- February 2018
By 5 February we had built a sufficiently well-structured enclosure around the relocated generating machinery to allow us to test its effectiveness in limiting the noise which was of some concern. At the time of writing, the generator has been running for 21 days and it is believed that the objective of reducing noise to an acceptable level has been achieved.
As mentioned in previous Newsletters, the decision was taken to reduce the noise by lowering the generating machinery from waterwheel axle height down to a level deeper into the rock cleft in which the waterwheel is built, and to bolt the machinery upon a concrete block of considerable mass, using anti-vibration mountings. The generator was then to be driven from the waterwheel axle via a massive sprocket and chain, at a reduced speed of rotation. This approach gives a more sedate appearance to its rotation and enables the buckets to be filled more completely.
The generator machinery, gearbox and motor/generator were enclosed by a housing made of two leafs of solid 150mm thick concrete blocks, and the gap between the leafs was packed with acoustic rockwool insulation. The roof comprises horizontally laid, 100mm solid concrete blocks on a steel frame, which is covered with two layers of plastic sheeting and another layer of heavy rubber conveyor belt material. The whole is surrounded by a European larch framing, infilled with river gravel about 50mm deep. The north, west and east walls have been clad in a European larch. The acoustically insulated air intake and exhaust box, needed to ensure adequate cooling of the generator, have been installed in the north wall and door (also on the north face), so as to prevent any sound which may emanate from them being directed towards local houses. Thermocouples have been installed so that the air temperature in the enclosure and that of the generator casing can be measured.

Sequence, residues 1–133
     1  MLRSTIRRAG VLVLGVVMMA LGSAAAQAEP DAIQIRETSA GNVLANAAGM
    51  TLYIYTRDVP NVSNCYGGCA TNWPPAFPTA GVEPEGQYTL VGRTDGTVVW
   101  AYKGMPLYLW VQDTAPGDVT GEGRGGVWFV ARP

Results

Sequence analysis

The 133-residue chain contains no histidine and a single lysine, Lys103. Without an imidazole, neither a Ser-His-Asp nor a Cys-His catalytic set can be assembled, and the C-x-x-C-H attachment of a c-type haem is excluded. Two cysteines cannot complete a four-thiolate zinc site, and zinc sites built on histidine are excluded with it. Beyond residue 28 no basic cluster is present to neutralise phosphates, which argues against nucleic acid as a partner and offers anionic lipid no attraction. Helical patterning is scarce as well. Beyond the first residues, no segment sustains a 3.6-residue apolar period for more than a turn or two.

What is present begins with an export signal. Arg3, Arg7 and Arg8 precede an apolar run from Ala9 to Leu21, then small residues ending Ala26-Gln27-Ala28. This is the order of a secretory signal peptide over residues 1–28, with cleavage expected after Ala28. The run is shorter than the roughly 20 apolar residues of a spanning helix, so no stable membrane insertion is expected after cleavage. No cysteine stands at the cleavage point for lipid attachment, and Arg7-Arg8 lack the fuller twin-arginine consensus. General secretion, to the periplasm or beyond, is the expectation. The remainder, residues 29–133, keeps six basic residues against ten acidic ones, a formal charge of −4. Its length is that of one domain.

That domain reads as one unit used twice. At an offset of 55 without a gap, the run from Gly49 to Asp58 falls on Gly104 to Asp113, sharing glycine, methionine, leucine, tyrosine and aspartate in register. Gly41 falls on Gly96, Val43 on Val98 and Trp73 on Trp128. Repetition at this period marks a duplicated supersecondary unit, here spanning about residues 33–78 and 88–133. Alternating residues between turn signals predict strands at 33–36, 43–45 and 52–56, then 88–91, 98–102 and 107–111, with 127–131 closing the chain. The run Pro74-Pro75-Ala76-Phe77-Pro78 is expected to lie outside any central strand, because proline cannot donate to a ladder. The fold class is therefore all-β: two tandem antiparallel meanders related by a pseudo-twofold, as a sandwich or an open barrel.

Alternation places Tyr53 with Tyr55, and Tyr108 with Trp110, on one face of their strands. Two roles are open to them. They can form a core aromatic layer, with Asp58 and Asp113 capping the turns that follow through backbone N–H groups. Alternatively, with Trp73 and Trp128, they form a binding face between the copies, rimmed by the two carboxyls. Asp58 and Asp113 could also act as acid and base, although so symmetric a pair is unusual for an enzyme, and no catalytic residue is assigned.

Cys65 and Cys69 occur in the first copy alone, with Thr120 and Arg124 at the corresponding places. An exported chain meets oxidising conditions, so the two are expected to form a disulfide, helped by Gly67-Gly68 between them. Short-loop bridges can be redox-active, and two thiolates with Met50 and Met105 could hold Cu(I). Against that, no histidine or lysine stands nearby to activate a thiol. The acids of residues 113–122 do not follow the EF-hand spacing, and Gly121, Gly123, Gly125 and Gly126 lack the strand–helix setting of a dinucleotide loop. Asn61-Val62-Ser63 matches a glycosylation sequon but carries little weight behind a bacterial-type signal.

The generator was producing about 3.3 kW for the first 15 days and nights, but with the impending drier weather as we approach the end of February, the power output is falling gradually and may shut down temporarily in the near future. The energy produced so far since commissioning is 1800 kWh, which will realise a Feed-in Tariff payment of about £450, with all but about £100 being earned in the last three weeks.
As this project approaches completion, it has to be said that it would not have been possible had it not been for the most generous financial support of Worthington Construction Ltd, and for the tremendous voluntary efforts of time and expertise of Rod Chilton. A great deal is also due to the excellent working relationship we have with Rod Smith and his company, Smith Engineering (GB) Ltd of Maryport, who designed, manufactured and supplied the mechanics. The Postlethwaite family at Border Hydro Ltd of Cockermouth were of great help with all the electrics and negotiating the Feed-in Tariff paperwork.
The construction part of the project is now very nearly completed, apart from some access steps, a low wall to direct water away from the enclosure doorway, and reinstating the fencing.
Editor’s note : Len omits to mention that the project has depended on his own massive volunteer contribution, often single-handed and sometimes in dispiriting circumstances. The Trust is greatly in his debt.